Sunday, May 13, 2012

#15 Daniel Edward Allen: Observations on Painting and Photography

9.05.2012 cafè Nälg (Rüütli 8, Tartu)

An experimental photographer and traveler Daniel Edward Allen described his notions on the aesthetic similarities of old photographs with classical paintings. He said he noticed during a project of taking photographs that looked like old photos but had new details like electric sockets on them, that we are so conditioned to look at pictures and see them as pure history. But as we know, most of the oldest photographs were staged, because there were no instant cameras and taking a picture took a longer time. From there, a question arises - how high is the truth value of such a photograph, taken 100 years ago?

The visual aesthetic rules that classical paintings follow, are:
1) The Rule of the Thirds. The Horizont must be set on the line of 1/3 of the picture
2) There should not be anything of importance set exactly in the middle of the picture. This would overwhelm the viewer and establish a visual unbalance.
3) If a person is depicted on the painting in close-up, they should be placed so that the viewer could see their neck and the top half of the shoulders. If any less is shown, the head seems disturbingly cut off.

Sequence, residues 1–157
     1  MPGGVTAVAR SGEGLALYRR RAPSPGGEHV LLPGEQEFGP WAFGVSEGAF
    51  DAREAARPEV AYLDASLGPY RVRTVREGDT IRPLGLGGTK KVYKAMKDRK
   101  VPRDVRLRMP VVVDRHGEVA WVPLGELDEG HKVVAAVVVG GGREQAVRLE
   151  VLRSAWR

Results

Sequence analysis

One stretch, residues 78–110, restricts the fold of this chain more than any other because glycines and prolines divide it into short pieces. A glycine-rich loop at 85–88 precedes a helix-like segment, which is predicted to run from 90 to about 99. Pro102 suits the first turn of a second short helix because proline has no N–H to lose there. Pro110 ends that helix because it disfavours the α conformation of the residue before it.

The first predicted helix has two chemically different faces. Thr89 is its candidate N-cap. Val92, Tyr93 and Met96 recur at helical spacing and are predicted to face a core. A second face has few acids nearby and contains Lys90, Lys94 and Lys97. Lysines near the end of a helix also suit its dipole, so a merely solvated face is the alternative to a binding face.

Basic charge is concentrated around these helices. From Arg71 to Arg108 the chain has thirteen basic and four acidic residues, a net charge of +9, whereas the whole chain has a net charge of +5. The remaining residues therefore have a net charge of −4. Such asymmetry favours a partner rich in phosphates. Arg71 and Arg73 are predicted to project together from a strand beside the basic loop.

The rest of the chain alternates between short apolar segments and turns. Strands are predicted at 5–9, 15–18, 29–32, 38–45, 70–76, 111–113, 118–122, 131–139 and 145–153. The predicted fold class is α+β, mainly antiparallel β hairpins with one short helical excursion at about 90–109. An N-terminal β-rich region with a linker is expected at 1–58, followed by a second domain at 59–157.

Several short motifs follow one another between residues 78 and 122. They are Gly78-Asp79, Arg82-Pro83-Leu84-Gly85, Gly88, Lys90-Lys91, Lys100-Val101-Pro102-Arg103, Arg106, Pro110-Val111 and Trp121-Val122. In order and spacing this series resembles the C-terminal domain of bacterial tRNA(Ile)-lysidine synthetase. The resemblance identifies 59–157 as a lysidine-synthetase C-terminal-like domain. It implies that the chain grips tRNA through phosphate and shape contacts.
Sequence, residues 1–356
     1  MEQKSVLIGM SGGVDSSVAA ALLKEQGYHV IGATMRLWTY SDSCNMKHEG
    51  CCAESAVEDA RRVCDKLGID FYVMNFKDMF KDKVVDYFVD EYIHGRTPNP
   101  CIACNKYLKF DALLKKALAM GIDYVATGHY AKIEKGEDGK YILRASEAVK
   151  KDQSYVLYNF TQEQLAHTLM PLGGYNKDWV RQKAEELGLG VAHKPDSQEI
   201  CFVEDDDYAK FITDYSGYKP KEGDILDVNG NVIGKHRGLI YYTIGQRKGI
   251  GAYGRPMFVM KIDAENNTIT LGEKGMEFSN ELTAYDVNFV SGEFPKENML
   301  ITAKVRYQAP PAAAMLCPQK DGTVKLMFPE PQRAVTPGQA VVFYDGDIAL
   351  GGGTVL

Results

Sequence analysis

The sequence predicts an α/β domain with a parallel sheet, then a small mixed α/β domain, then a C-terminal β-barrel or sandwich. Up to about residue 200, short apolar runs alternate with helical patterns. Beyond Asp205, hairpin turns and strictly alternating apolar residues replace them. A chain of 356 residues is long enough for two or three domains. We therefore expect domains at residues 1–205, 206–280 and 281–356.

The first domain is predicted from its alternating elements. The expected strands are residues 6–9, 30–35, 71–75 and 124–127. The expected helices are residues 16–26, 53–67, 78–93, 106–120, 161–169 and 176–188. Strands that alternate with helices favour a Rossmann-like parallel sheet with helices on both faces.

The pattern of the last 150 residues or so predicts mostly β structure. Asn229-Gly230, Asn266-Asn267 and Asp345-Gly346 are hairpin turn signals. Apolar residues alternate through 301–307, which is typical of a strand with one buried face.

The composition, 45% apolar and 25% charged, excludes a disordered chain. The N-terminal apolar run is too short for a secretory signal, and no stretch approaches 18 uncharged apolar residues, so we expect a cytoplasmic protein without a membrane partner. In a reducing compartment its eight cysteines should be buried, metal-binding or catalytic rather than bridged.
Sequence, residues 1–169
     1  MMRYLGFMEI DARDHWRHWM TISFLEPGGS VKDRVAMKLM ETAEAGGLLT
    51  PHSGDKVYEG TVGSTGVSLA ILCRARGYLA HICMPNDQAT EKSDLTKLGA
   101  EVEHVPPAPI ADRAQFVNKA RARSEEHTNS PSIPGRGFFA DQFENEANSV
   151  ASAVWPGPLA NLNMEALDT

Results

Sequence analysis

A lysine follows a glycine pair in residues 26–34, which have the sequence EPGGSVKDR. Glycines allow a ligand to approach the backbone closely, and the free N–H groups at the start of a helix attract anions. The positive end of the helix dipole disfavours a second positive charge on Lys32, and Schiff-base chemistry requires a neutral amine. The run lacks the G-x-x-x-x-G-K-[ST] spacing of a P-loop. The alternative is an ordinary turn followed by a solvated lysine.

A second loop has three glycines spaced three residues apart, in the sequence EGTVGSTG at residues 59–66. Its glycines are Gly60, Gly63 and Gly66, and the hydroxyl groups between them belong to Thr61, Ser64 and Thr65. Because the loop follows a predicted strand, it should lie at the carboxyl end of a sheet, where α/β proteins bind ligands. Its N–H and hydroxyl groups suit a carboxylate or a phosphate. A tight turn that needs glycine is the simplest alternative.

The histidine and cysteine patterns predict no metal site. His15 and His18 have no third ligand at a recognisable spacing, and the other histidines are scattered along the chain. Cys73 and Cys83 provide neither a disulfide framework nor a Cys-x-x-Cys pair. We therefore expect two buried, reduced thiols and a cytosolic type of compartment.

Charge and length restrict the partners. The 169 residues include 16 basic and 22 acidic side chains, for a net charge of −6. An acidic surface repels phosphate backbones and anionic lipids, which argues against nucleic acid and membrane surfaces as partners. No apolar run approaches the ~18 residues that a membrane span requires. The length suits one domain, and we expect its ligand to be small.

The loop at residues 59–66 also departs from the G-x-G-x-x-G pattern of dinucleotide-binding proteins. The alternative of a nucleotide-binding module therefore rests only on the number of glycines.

This photo by Johannes Pääsuke does look spontaneous at first glance, due to the people in motion, but if you look at it, it does follow all the rules of good photography. There are diagonal lines moving from the corner of the picture to the opposite corner, pointing at the most important detail on the photo (Raekoda). The border between the ground and walls is set exactly on the 1/3 line of the picture and there is nothing significant exactly in the middle of the photo, so everything seems in balance.

The same goes for other photos by Pääsuke or by other photographers from the early 20th century, but this aesthetic has remained even until now. Though we look at those pictures and believe to look at authentic history, what we're really looking at is a staged photograph, where the subject is asked to sit in enough light, tilt their head so their profile would look nicely defined and choose a spot to have the right kind of background behind them.

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